Those runners planning to do this summer’s Grandma’s Marathon or any of the shorter distances surrounding the main event in Duluth, Minn., might find the course both quieter and noisier. (You may remember that CompleteRunning wrote about this very subject a while ago.)
Marathon organizers last week announced they would formally ban headphones and all portable devices at all USATF-sanctioned races, including the sold-out Garry Bjorklund Half Marathon, William A. Irvin 5k, Park Point 5 Miler and Minnesota Mile races in Duluth and St. Paul.
Violators will be asked to surrender their equipment, which will be mailed to them within two weeks of the race. Those that refuse to turn over their gear will be disqualified and not be included in the official results, marathon officials announced in an April 4 news release.
The ban was announced after USA Track & Field adopted a new rule forbidding popular mobile music players at any running events it sanctions. Specifically, it says, “The visible possession or use by athletes of video or audio cassette recorders or players, TV’s, CD or DVD players, radio transmitters or receivers, mobile phones, computers, or any similar devices in the competition area shall not be permitted.” Wrist chronometers and heart rate monitors are allowed, but apparently cell phones are not. Keep in mind, too, that the USATF-approved events run the gamut, from track and field to marathons.
In the past, road race officials have discouraged use of some of these devices. (TVs? Who the heck runs a race while watching TV?!) Many organizers warn participants not to wear headphones during competition for their own safety, but the requests—usually included in race fliers and on web sites—are widely ignored.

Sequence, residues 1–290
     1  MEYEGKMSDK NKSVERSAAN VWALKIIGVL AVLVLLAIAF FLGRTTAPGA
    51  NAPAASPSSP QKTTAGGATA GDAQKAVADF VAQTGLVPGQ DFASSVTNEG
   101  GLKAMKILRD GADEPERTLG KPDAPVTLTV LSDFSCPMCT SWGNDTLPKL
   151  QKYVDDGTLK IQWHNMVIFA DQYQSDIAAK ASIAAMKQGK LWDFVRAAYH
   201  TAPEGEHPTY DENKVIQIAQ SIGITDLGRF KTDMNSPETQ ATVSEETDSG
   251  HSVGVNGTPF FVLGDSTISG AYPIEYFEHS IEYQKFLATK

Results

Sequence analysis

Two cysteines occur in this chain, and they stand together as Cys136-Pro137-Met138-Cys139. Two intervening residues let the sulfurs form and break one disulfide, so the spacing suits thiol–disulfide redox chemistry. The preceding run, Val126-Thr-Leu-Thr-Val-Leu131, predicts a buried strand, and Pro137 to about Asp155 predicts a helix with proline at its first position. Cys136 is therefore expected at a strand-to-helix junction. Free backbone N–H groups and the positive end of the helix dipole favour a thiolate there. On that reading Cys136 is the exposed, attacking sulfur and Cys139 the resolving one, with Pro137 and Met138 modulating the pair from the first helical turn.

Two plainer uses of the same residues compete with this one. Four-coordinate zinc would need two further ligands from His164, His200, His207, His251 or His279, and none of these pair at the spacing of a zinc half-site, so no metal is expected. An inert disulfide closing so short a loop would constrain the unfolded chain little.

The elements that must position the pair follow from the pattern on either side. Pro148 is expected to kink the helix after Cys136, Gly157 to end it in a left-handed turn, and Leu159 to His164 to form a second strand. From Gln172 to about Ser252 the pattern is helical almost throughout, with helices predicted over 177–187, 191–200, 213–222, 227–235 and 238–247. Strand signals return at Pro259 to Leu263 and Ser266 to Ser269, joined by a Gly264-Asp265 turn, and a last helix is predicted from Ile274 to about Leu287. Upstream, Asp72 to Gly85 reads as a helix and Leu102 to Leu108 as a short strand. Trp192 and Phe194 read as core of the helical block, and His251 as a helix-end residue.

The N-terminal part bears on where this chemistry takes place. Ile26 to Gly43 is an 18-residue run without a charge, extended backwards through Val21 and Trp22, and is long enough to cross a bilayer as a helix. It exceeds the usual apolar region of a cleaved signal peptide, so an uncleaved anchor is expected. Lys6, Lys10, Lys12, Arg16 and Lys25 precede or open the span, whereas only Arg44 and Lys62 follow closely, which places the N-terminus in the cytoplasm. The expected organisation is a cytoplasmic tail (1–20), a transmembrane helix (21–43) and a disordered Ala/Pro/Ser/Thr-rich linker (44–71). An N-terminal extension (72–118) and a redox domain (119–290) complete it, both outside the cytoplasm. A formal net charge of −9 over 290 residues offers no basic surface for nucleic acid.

It will be interesting to see if other major events follow Grandma’s example. For those accustomed to training with music, the next big race might seem a little quieter and require a new strategy. Or, it may mean seeking out courses that remain “user friendly.” On the other hand, some participants may find a more social racing atmosphere in which more people carry on conversations to help get through the miles and readily absorb shout-outs from enthusiastic spectators.
(Update: Do a search for “Ipod ban,” and you’ll see the USATF is not alone. From Scottish teachers complaining about students wearing listening devices during class, to a New York state legislator wanting to ban their use in crosswalks, to companies worried about secrets being stolen on the portable devices, the ubiquitous listening accessory is under attack from many corners.)